The other component is Site Stager, which administrators use to export the site to straight HTML for deployment to Web servers that don’t have CMS. Site Stager creates a static HTML snapshot of the site and all its content. Any Web server can host the resulting content, including non-IIS servers. Site Stager lets the site administrator create staging profiles that define what content is exported and when the export takes place. You can schedule exports to take place automatically, or they can be completely manual, depending on the site’s needs. You can use Site Stager to deploy copies of the site to multiple locations for site mirroring or backup. Or, you might use CMS for back-end development and use Site Stager to export the site on a periodic basis to your public Web servers.

Understanding network and back-end requirements
Whether you deploy CMS to support an intranet- or Internet-based site, it needs Active Directory (AD) to provide authentication. In the simplest configuration, all servers can reside in the same AD domain. However, it’s more likely that multiple domains will be involved. In either case, the server(s) on which CMS is installed must have access to the AD and DNS servers that serve the AD forest. The CMS servers are member servers in the domains in which they need to authenticate users, including the development team. Implicit trust relationships provided by the domain forest’s structure enable CMS to authenticate in other domains. You can create explicit trust relationships to allow CMS to authenticate users that reside in domains outside the forest’s implicit trust structure.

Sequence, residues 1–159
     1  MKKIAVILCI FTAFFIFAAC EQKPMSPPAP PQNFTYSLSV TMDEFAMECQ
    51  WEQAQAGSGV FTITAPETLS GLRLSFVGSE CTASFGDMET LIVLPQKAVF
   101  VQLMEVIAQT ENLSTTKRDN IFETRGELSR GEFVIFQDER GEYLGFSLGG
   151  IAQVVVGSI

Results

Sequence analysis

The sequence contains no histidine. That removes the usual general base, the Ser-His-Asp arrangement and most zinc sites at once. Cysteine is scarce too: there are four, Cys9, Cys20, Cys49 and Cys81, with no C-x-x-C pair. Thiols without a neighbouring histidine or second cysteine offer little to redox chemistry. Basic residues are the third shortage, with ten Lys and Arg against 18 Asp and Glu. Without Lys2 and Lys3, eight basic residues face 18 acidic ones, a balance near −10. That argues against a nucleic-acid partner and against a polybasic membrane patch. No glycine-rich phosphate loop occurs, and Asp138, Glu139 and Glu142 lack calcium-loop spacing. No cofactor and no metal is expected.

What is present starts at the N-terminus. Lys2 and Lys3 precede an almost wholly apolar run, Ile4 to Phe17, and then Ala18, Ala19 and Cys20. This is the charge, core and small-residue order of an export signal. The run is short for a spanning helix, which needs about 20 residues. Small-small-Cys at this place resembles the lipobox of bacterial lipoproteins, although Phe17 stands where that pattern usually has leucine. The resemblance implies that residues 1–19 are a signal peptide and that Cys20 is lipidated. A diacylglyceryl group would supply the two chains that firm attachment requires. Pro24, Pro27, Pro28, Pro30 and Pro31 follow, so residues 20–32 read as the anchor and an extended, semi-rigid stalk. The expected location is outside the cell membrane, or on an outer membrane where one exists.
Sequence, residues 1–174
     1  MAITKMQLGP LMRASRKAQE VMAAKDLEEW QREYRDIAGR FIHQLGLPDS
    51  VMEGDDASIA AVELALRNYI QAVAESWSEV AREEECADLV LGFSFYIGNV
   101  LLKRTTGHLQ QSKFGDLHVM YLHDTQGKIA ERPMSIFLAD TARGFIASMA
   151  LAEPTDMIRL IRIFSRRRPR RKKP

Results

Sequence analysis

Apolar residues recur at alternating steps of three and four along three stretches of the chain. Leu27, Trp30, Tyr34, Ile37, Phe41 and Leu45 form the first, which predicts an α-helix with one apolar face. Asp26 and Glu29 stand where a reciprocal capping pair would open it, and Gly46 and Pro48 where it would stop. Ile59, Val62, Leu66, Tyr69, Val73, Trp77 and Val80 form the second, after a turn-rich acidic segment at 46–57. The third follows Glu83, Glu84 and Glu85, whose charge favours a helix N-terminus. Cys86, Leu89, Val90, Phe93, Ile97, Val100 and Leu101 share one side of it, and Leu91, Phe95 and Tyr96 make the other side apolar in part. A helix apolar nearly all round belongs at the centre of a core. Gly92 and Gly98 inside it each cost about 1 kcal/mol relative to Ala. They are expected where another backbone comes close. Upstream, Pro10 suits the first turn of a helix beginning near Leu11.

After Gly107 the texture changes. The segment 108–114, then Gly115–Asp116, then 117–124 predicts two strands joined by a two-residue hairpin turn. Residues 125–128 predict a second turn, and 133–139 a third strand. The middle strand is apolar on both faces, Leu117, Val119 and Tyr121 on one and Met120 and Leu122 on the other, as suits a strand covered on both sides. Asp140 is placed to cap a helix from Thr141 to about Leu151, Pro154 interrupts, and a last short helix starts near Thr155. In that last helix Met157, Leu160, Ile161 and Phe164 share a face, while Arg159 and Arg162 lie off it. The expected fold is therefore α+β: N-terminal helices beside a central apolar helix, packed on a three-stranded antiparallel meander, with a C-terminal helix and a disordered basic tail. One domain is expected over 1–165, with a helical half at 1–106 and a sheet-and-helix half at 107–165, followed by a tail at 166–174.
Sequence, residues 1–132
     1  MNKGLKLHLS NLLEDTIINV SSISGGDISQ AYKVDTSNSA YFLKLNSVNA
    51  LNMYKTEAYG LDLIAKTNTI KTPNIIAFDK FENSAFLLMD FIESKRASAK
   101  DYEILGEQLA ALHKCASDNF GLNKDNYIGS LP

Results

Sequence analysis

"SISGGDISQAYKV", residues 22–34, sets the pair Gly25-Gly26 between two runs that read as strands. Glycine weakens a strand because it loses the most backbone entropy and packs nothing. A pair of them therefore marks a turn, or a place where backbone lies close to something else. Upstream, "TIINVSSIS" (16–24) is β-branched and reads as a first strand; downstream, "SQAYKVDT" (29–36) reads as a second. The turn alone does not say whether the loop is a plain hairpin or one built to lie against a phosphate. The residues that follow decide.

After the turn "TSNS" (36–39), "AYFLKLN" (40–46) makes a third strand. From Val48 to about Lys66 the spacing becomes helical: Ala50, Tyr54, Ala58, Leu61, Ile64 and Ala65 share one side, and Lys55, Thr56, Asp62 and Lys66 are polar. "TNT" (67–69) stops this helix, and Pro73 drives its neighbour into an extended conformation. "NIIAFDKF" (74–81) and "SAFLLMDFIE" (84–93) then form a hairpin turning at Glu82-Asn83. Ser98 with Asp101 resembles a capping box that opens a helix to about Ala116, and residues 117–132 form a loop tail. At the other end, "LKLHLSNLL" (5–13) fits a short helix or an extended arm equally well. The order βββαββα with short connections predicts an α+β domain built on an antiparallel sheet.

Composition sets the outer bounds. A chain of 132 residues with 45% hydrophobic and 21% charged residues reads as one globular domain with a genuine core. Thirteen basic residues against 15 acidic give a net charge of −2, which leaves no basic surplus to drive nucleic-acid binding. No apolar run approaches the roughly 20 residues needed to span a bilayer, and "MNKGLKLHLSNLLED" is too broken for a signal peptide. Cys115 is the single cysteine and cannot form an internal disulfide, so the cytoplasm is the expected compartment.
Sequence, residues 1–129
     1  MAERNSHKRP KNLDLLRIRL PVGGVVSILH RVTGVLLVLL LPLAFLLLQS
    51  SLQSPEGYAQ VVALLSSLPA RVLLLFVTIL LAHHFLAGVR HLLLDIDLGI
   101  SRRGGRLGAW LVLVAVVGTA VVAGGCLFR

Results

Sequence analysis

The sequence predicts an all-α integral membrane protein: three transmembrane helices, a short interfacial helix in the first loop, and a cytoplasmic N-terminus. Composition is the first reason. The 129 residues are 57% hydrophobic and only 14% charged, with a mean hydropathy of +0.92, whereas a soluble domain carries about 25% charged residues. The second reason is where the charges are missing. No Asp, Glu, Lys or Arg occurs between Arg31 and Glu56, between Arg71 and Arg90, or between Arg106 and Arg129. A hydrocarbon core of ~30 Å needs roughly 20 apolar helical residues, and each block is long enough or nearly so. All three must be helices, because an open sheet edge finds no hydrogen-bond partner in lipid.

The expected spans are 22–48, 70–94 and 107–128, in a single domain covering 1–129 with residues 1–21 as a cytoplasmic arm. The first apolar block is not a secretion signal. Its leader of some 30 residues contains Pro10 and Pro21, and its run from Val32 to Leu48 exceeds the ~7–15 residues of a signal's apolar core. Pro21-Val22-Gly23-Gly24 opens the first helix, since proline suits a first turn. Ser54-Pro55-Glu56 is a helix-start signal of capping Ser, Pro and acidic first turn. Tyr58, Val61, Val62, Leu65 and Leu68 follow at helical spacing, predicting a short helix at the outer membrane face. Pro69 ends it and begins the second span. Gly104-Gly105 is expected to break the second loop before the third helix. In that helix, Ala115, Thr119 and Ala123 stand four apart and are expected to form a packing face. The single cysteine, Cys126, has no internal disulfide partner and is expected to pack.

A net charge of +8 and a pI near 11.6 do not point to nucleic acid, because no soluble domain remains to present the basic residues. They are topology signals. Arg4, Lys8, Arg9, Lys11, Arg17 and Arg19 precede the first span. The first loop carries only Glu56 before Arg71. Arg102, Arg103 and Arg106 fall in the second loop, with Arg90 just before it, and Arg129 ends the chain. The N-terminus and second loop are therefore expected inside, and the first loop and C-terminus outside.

Another consideration is the development team’s location on the network in relation to the servers. Whether team members are using Site Builder or adding or managing content through a Web browser connection to Web Author, the traffic moves to and from the server through HTTP.If developers are outside a firewall, you must open port 80 on the firewall to let clients communicate with the CMS servers. If the CMS servers are acting as the final location for the content, or if non-CMS servers reside behind the same firewall and you use Site Stager to deploy to those servers, you naturally have to open port 80 to support client access to the live site. If you opt to use SSL to provide greater security for development and content posting, then you also need to open port 443 on the firewall to support SSL.

A third possibility is that the live servers reside in a perimeter network, with the CMS development servers residing behind the internal firewall. Whether you’re using Site Stager or not, the data transfer between the development servers and the live servers happens via HTTP, either nonsecurely or secured by SSL. For that reason, the internal firewall needs open ports for HTTP and, optionally, SSL. This reliance on HTTP for intrasite traffic simplifies network configuration.

Another issue is the fault tolerance and load-balancing mechanisms. It wouldn’t make sense to invest a large sum in CMS and then not make an equal investment in hardware and software to make sure the servers can handle the load and provide adequate failover capability.